Binge Watchers Beware

For every hour of TV you watch, you may be shaving years off your life. So suggests a recent study that linked too much television to some of the most common causes of death. Most of us are spending more and more time watching television. So much so, that it may be replacing healthier activities.

People who love their screen time tend to be more sedentary. As a result, they aren’t as fit and expend fewer calories. Over time, they may gain weight, increasing their risk for serious diseases like cancer and heart disease. One recent study even found that binge watching in particular could increase your risk of death from a blood clot in the lung. All that time spent watching TV can also slow down how the brain works over time and even impair mental well-being leading to depression.

On top of that, most commercials and shows with product placement promote unhealthy foods that spark cravings. Past studies have also shown that watching TV while eating can be a distraction, making it easier to overeat.

To get serious about tuning out the TV, Devin Vicknair, Ph.D., LPC, a behavioral health specialist at Gwinnett Medical Center’s Center for Weight Management, provides his tips for making a positive change.

 Actively choose what you want to watch: Don’t just leave your TV on for background noise. And turn it off when your show is over. You’ll end up wasting fewer hours sitting on the couch. Put the remote away. You’ll be less likely to mindlessly channel surf if you have to get up to retrieve it.

Turn off the TV during dinner. You’ll save yourself time and needless calories and bonus; you can enjoy quality conversation with your friends and family.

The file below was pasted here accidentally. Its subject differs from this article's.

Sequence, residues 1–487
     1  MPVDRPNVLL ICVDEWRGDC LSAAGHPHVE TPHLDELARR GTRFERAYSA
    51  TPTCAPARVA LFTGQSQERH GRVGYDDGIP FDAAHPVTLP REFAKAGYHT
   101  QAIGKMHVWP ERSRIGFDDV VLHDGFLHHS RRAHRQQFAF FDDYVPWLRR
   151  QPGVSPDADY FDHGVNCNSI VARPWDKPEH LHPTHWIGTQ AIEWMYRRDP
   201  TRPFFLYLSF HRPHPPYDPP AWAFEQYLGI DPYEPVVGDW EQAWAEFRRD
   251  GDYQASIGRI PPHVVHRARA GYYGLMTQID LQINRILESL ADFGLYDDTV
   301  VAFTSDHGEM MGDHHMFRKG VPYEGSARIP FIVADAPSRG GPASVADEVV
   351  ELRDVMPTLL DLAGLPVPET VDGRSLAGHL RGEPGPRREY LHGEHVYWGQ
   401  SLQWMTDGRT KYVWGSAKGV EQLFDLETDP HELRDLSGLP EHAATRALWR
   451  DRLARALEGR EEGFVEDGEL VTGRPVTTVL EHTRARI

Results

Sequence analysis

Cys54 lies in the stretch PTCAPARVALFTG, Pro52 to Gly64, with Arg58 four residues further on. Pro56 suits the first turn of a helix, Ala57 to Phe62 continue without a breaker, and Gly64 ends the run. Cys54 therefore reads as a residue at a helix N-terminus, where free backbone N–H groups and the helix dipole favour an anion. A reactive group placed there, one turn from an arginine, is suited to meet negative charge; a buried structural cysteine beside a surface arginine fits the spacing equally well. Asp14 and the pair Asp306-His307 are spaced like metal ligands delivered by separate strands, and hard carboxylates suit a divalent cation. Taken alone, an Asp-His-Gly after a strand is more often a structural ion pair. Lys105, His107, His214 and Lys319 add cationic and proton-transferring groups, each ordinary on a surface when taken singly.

Use TV time as a reward. A recent study suggests just one hour of physical activity a day—something as simple as a brisk walk or a bicycle ride—may undo the increased risk of early death that comes with sitting eight hours or more on a daily basis. If you incorporate an hour of exercise, you can indulge in a little screen time, but only after your workout.

Make TV time more active: Invest in a stationary bike or treadmill to use while you watch TV. Or a more budget friendly option would be to ditch the couch and sit on a stability ball instead. Make sure during commercials you use the break to get up and walk around or go up and down the stairs some, just avoid going to the pantry.

Mindlessness: If you must eat in front of the TV, make sure you are practicing portion control. For example, if you are going to eat popcorn, place a desired amount into a sandwich bag rather than sitting the entire bowl/bag in front of you.

Be aware: Most people do not consider what kind of information that they are inviting into their home. What you are watching on TV is like having those events occur right in your family room. Consider going on a “News Diet” by limiting the amount of negative news that you may watch.

Trying to stay healthy amidst the distractions and stressors of everyday life can feel like an impossible task. Implementing small changes like the ones listed above add up to make a big impact on your health. However, if you feel that receiving professional guidance and support would improve your health and weight-loss journey, the experts at the Center for Weight Management can help. We implement a whole- body, clinically proven, physician supervised approach to help patients reach and maintain their weight loss goals. Our robust support program is rich with tools to help you be successful for the long term.


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